A signed postcard written by German scientist Albert Einstein, offering assistance to find a publisher for his colleague's work, may fetch USD 5,000 at an auction in the US. The postcard, dated June 9, 1923, was written to Hans Reichenbach, who wrote the 'Axiomatics of the Relativistic Space-Time Doctrine'. "I have brought up your printing matter with the Academy.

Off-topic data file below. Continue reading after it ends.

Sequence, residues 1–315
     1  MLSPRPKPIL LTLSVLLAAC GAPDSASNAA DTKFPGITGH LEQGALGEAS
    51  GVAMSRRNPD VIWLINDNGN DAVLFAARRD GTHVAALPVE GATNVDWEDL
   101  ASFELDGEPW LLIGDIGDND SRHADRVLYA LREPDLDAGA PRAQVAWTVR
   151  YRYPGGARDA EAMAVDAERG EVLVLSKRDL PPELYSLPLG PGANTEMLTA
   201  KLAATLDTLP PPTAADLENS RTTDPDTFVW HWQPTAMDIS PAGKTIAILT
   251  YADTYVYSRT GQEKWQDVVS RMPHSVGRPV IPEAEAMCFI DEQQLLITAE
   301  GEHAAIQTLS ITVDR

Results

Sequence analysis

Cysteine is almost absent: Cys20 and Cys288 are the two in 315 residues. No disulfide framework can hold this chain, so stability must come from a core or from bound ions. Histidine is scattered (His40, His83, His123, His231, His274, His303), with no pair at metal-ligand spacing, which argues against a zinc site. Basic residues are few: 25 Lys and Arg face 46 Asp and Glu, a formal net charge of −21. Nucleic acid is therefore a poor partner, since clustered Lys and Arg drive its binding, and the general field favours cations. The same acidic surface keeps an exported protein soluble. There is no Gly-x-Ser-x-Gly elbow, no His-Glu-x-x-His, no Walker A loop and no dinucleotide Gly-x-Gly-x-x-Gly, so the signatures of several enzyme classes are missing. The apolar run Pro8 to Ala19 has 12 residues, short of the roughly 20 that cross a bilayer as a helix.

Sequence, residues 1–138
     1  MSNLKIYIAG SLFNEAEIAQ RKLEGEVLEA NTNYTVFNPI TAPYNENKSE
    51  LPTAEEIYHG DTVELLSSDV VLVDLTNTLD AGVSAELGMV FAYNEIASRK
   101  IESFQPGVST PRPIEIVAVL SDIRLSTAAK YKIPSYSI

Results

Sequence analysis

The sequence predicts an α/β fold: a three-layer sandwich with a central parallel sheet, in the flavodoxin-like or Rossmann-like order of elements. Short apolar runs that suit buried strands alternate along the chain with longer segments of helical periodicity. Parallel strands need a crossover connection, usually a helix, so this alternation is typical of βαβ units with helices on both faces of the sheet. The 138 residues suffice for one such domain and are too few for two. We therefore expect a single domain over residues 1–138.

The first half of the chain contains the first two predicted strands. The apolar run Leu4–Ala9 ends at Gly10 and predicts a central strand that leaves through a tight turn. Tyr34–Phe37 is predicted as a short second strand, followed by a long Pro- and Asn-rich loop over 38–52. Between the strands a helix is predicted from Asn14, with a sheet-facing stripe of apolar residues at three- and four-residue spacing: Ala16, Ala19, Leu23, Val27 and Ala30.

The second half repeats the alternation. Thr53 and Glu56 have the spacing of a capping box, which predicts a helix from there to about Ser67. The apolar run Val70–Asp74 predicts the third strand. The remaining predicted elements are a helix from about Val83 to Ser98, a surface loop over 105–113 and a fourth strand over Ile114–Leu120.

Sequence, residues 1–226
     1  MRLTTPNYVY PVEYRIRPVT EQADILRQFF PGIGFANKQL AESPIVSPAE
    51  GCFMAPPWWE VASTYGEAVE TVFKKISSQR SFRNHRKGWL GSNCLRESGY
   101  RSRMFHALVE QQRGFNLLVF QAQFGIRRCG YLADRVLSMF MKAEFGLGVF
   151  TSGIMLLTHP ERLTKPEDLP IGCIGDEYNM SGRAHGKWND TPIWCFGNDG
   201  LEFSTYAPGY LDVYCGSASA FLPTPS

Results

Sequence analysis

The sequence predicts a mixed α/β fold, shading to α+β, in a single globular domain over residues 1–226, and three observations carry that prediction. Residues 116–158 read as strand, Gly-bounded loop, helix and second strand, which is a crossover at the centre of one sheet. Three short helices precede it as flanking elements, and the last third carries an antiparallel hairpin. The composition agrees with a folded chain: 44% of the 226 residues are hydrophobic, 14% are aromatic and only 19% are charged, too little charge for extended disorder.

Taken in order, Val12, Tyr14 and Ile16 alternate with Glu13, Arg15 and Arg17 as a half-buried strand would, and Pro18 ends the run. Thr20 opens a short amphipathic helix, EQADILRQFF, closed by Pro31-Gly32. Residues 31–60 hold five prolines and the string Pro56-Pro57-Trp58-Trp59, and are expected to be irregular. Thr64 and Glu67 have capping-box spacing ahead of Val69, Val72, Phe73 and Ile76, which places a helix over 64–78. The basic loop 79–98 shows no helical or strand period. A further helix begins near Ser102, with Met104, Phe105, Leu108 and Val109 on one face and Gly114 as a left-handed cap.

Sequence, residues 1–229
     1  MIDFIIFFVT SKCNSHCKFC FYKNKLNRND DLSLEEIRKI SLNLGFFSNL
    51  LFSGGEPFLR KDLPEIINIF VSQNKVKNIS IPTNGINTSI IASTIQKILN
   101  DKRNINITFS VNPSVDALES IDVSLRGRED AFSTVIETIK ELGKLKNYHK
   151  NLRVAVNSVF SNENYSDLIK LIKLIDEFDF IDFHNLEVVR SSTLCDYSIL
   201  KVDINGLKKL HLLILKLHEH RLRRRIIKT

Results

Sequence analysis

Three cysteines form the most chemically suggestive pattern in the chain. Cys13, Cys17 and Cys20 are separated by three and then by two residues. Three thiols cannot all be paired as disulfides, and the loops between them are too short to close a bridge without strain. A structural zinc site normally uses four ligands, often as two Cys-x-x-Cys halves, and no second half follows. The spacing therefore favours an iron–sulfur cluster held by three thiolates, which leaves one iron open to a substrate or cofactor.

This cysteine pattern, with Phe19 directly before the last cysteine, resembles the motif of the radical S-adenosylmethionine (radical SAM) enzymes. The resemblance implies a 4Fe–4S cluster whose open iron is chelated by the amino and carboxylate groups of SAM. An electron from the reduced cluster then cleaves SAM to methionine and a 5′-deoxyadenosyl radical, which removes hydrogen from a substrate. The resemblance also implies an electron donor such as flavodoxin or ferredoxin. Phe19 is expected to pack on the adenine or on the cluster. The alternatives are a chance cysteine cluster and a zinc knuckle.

I was informed that only the Notgemeinschaft could come under consideration in this case," Einstein wrote in the letter. "I have absolutely no connection to the Notgemeinschaft, but am willing to support your application to the Notgemeinschaft most warmly. With friendly regards also to Mr Regener," he said. Einstein adds the salutation in his own hand, as well as a brief line after his signature, "I will personally talk to Haber." The postcard is accompanied by another one signed "Ilse Einstein," informing Reichenbach that Einstein has not seen his letter of request as he has already left for the Netherlands, but promises to deliver it to him upon his return. The eldest daughter of Einstein's second wife, Elsa, Ilse Lowenthal Einstein served as Einstein's secretary for a brief period, according to RR Auctions. For his breakthrough work in his discovery of the law of the photoelectric effect, Einstein was named the recipient of the 1921 Nobel Prize in Physics on November 9, 1922. During the selection process in 1921, the Nobel Committee for Physics concluded that none of the year's nominations met the criteria outlined in the will of Alfred Nobel, and, in accordance with the Nobel Foundation's statutes, the prize was reserved until the following year. Unable to attend the award ceremony on December 10, Einstein managed to journey to Gothenburg and deliver his Nobel Lecture on July 11, 1923, only a month after writing this letter. Although it was not printed by Emergency Association of German Science as Einstein had hoped, Reichenbach's 'Axiomatics of the Relativistic Space-Time Doctrine' was ultimately published in 1924 by F Vieweg & Son.